• Example: Air Canada could fly between Chicago and Los Angeles, both in the US, if the flight started in Toronto or any other place outside of the United States

Ninth Freedom of the Air

  • This one is usually referred to as “cabotage,” and it allows an airline from Country A to carry passengers within Country B without restriction
  • Example: The EU has been pushing the US to allow cabotage. This would allow EU airlines, like Lufthansa for example, the fly regular domestic routes in the US. As you can imagine, this won’t be happening soon.

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12 Comments on "The Freedoms of the Air"

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.spike.
Guest

So what does this mean for the everyday flier? Do all airlines follow these freedoms? I mean, like you said, that last one doesn’t necessarily apply in the US. We don’t allow foreign airlines to fly domestic routes unless it’s a continuation.

Anonymous
Guest

Well, it means more choices really. Granted, it is not all that apparent.

One of my favorite fifth freedom flights is SQ 26, the Singapore Air flight from Frankfurt – JFK. It is actually SIN-FRA-JFK but you can just pick-up the FRA-JFK flight.

Once I found myself in London and instead of taking LH or UA I opted to spend a few days in Cologne before making my way to Frankfurt and picking-up the SQ flight to JFK.

(Coincidentally that flight is the best flight experience I’ve ever had to this day.)

John Macilree
Guest
Delighted to see you using Air New Zealand flights in your examples. To give some examples of the intergovernment air services/transportation agreements that exchange these rights, the standard US “open skies” bilateral agreement exchanges the first six freedoms and seventh freedom for cargo services only, that between New Zealand and Australia exchanges all nine freedoms(excluding seventh freedom passenger rights) and Qantas, an Australian airline, uses these rights to have 100% owned subsidiary operate ninth freedom domestic flights between three cities within New Zealand, while the recent agreement between New Zealand and the United Kingdom exchanges all nine freedoms of the… Read more »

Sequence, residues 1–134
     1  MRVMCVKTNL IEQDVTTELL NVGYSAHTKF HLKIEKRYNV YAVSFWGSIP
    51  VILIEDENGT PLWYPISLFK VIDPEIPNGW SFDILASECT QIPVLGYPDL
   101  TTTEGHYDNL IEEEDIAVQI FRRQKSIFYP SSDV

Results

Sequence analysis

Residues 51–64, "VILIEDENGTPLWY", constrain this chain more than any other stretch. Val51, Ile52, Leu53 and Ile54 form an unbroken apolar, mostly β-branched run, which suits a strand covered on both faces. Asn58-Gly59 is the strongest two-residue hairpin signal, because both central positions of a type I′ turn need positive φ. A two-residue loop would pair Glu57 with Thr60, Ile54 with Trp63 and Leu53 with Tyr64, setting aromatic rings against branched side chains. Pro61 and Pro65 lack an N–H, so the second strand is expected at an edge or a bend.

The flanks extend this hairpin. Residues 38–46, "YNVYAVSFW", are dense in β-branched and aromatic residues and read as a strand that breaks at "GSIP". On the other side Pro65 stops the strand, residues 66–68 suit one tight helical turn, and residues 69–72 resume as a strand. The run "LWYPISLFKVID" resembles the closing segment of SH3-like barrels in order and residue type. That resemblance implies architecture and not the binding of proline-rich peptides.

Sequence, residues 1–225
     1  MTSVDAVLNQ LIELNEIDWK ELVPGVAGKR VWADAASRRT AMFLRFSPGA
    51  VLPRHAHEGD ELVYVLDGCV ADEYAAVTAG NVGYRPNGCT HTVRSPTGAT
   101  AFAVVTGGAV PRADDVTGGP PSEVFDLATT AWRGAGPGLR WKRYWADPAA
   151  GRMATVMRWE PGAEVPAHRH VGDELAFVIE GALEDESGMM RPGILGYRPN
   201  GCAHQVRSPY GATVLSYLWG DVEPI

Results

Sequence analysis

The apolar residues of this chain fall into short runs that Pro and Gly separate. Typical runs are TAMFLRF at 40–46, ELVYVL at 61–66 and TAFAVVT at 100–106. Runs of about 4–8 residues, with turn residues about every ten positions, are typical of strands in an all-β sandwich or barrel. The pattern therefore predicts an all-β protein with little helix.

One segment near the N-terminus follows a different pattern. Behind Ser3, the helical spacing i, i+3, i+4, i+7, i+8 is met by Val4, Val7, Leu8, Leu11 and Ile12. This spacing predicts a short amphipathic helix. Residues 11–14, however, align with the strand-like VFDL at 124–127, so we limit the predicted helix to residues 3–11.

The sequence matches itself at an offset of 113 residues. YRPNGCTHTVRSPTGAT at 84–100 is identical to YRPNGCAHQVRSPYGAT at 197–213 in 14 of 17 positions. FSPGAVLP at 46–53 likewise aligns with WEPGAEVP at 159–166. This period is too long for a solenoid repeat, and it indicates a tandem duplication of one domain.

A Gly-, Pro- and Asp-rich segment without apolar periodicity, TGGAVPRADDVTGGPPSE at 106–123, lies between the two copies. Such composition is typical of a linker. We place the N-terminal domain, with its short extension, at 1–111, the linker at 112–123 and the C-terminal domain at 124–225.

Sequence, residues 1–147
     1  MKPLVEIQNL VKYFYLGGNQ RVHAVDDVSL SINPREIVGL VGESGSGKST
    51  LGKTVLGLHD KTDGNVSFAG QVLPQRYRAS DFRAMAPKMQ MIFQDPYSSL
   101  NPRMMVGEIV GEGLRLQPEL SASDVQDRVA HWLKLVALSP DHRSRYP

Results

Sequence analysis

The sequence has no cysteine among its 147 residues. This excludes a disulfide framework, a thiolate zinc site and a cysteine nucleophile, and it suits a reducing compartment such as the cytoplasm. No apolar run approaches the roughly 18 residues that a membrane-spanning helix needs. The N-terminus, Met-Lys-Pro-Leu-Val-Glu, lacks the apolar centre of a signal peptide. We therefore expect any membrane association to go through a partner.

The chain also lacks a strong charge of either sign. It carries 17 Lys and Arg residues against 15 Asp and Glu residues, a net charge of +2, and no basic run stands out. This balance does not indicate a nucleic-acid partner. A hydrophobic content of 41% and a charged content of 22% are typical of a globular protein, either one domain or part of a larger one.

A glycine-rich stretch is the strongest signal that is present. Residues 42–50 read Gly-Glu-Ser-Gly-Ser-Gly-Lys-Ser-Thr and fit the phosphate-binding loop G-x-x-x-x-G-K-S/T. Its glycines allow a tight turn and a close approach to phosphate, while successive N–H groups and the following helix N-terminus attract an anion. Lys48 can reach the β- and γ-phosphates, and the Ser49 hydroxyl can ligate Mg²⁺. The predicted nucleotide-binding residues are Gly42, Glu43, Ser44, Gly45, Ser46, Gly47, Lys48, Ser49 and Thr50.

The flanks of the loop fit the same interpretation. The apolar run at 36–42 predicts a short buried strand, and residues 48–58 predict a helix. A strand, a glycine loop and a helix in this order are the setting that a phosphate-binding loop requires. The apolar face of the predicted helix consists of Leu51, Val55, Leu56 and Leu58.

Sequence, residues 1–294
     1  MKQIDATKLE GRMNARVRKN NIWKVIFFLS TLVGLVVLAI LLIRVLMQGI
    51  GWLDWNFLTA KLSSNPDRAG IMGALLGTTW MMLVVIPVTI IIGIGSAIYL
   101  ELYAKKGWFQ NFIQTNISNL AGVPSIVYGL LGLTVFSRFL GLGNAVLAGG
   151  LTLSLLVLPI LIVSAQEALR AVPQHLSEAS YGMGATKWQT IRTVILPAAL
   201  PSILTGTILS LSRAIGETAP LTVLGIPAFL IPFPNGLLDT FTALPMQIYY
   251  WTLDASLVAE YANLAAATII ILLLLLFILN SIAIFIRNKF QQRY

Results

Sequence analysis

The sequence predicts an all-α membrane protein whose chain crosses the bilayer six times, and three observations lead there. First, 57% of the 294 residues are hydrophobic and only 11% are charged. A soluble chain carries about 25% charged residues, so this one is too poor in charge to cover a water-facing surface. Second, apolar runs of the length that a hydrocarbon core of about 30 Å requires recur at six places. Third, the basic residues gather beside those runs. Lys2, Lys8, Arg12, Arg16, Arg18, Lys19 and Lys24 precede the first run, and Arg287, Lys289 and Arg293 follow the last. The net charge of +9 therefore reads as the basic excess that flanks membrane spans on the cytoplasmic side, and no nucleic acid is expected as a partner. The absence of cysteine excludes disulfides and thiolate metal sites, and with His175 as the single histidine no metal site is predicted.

Mervin
Guest

Can anyone give me an example of an existing route flown under the ninth freedom of pure cabotage? I know this procedure is not followed in the US.

anon
Guest

Is it not true that the open skies agreement will be revoked in the next few years if America continues to withhold 9th freedom rights to European carriers?

faisal yusuf
Guest

dear sir/madam

my name is faisal i have a question about rule 9 which says an scheduled foreign international carrier operating an other country so what about if it is not an international carrier but scheduled and foreign can it apply in this rule? thanks

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Mahmoud
Guest

so why did the came up with the Freedoms of the Air ?
what led to the creation of the freedom ??Was it from the 1940’s (the Chicago Convention )